as usual emissions continue, eventually tropical trees will become saturated with carbon dioxide, and at much higher temperatures, photosynthesis may well decline, and there will be more fires and droughts which combined may reduce overall tree growth and increase tree deaths. This net impact is not a panacea for tropical forests. Even a rudimentary grasp of the scientific literature would show that Tim Wortall’s dramatic statement is a fairly wild extrapolation from a single scientific paper.”
Greg Asner, an ecologist with the Carnegie Institution who has done advanced assessment of the impact of droughts across the Amazon, agreed with Lewis.
“Worstall has taken a single study on a single component process (CO2 uptake) in a very different ecosystem and extrapolated it to a totally different biome encompassing all processes at a global scale, and then he proceeded to concoct an interpretation of that study that is inconsistent with what is happening at the large scale in the tropics,” he told mongabay.com.
“The real problem here is physiology, time and scale,” Asner continued. “Sure, you can feed someone more and more donuts and they might gain the weight, but cut off their water repeatedly, and gradually increase the temperature in the room, and those poor souls will keel over, just more dramatically with all those extra donuts ingested. That’s exactly what is happening with climate change in the humid tropics. Yes, the trees are getting more CO2 in the background, but in the foreground are these repeated droughts and constantly increasing nighttime temperatures that pull the vegetation back, and to the ground. We are still trying to assess the longer-term effects of the 2010 drought in the Western Amazon, but there’s no sign that the forests did ‘well’.”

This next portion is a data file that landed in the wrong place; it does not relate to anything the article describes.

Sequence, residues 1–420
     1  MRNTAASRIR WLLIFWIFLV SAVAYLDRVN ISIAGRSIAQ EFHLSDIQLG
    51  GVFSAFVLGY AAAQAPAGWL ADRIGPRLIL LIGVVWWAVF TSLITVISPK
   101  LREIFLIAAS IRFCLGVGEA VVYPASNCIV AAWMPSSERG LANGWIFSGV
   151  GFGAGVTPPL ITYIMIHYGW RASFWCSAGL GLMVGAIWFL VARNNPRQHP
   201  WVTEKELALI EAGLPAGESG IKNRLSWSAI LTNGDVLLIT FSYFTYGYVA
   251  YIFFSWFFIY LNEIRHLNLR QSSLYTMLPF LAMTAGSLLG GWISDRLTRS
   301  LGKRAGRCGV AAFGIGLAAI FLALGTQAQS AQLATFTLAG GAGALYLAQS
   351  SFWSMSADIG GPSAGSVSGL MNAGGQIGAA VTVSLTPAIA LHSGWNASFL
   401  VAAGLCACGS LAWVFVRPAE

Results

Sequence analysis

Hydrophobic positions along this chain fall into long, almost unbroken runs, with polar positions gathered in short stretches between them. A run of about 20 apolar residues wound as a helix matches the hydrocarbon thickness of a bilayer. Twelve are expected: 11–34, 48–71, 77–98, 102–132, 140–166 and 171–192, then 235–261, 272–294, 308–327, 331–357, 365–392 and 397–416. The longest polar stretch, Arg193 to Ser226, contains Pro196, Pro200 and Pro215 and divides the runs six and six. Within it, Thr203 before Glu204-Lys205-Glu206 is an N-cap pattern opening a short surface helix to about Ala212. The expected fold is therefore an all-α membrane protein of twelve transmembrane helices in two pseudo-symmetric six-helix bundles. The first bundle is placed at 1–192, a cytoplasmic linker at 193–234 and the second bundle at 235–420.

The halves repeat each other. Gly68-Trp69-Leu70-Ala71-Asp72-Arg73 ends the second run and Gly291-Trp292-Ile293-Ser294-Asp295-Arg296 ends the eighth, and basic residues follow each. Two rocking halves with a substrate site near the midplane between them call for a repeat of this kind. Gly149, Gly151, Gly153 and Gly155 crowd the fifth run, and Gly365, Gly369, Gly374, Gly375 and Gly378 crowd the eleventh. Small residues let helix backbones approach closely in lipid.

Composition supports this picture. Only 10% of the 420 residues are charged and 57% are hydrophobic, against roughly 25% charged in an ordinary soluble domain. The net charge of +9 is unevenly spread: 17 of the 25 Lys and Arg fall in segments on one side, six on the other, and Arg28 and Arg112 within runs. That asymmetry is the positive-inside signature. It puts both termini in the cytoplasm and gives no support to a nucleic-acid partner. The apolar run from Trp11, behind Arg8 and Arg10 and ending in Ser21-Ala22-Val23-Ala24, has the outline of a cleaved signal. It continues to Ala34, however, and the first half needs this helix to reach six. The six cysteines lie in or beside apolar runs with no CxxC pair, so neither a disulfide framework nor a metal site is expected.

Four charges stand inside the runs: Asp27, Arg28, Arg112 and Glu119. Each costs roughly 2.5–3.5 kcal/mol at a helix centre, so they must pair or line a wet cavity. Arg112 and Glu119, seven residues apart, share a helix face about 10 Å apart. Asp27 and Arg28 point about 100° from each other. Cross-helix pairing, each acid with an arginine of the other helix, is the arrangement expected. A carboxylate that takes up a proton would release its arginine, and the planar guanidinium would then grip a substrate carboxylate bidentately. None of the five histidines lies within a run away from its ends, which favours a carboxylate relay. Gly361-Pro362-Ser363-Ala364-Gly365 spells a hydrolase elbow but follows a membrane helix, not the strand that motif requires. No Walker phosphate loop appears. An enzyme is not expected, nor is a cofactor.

In fact, drought and other factors are triggering the opposite of the picture painted by Wortall, according to Eric Davidson, Executive Director and Senior Scientist at the Woods Hole Research Center in Massachusetts.
Earlier this year Davidson led a review of 100 studies looking at the effects of disturbance and climate change on the functioning of the Amazon Basin. It concluded that the combination of deforestation, forest degradation, and the effects of climate change are weakening the resilience of the Amazon ecosystem, potentially leading to loss of carbon storage and changes in rainfall patterns and river discharge. Among the changes was a shift from rainforest to savanna.
“As our review paper in Nature earlier this year describes, the transition forest on the southern flank of the Amazon is showing a transition from forest to savanna. So, just the opposite from what he describes is currently happening. The southern Amazon transition forest is experiencing more drought, longer dry seasons, and more fire. Wet season river flooding and sedimentation has also increased in this region — another indicator of forest decline. While increasing CO2 concentrations can increase productivity of many plants, drought and fire are the big determinants of tree growth in the southern Amazon.”
“Worstall’s rant about widespread Amazon forest dieback reinforces my view that this is a distraction — let’s look at the evidence at hand where forest meets savanna — it is moving more towards savanna, not towards more forest.”